Tiffany Shlain has a lot of ideas.
But until fairly recently, the 43-year-old founder of the Webby Awards was reluctant to own them on film. No longer — in her new web-series, “The Future Starts Here,” which premiered October 11 on AOL, Shlain is loud, proud and vocal about thoughts ranging from 21st century motherhood, to acceptable online etiquette (hint: Emails masquerading as the great American novel are a no-no.)
She also has a thing or two to say about the tribe she’s such a proud member of.
As a self-described “filmmaker, woman and Jewess (‘I love that word, we need to bring that word back.’)” Shlain’s work has explored the various connections that exist between community and technology and the role both play in shaping the future. Her 2005 short film “The Tribe,” traced the history of the Jewish people through the lens of the Barbie doll, created by Ruth Handler in 1959. In “Connected: An Autobiography About Love, Death & Technology,” Shlain brought things even closer to home, exploring technology and science through personal experiences like her father’s fight with brain cancer and her own high-risk pregnancy.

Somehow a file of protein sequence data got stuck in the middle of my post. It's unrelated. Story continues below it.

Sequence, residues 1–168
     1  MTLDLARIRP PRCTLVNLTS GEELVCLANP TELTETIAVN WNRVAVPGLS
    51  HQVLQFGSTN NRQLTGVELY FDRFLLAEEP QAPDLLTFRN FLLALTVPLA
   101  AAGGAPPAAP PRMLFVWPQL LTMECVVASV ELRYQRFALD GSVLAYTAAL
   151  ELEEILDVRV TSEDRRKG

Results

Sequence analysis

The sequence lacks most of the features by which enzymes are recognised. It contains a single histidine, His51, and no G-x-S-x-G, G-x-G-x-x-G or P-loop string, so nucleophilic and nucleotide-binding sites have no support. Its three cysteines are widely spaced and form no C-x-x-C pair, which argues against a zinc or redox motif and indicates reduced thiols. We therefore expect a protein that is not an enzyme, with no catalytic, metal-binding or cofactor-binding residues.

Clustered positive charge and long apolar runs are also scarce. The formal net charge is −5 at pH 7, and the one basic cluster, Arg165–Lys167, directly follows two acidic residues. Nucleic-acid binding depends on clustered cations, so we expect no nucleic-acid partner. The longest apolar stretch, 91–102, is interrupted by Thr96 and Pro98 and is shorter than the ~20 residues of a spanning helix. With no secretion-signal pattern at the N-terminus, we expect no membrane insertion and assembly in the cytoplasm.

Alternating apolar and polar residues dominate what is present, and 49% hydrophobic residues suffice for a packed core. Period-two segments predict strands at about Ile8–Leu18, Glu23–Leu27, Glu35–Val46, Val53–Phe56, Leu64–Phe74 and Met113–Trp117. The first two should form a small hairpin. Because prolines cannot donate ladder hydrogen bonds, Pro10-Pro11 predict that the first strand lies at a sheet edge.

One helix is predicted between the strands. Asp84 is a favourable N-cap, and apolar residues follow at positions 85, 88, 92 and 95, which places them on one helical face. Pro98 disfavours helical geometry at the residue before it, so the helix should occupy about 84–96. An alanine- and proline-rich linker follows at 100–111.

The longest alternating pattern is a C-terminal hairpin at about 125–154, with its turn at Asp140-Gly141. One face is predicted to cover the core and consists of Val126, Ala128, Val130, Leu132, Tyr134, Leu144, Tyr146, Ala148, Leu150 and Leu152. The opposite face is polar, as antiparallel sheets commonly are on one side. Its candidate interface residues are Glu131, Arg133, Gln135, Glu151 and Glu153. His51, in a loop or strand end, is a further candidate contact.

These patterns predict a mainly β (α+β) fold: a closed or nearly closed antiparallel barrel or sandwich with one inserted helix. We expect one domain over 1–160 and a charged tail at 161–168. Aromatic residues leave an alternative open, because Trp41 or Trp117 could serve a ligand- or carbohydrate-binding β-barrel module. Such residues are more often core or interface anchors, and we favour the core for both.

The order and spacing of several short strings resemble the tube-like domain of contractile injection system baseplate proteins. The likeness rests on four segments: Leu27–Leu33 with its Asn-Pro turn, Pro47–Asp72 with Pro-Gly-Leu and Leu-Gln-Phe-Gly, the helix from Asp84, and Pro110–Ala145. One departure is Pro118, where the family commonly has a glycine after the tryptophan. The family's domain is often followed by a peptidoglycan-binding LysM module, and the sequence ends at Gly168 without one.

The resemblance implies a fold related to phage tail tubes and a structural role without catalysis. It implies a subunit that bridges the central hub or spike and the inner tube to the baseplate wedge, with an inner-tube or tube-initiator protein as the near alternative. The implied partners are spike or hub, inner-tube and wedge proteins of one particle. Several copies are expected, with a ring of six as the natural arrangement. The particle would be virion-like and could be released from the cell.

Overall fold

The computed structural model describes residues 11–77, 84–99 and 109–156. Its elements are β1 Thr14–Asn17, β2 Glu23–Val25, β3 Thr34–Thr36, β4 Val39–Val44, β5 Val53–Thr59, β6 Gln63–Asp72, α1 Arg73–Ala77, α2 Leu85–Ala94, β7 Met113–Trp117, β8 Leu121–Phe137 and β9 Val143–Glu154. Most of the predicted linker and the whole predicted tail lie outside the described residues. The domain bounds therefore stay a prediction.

Next on the list? “The Science of Character,” a film shot using Shlain’s “Cloud Film” method, gathering footage through submissions from people all over the world — the idea train rides on.
In honor of Ada Lovelace Day, which celebrates women in technology, the Forward’s Anne Cohen chatted with Shlain about unplugging for Shabbat, finding her voice, and her advice for women seeking jobs in male dominated fields.
Anne Cohen: You chose to open “The Future Starts Here” with an episode about “Technology Shabbat.” What is that?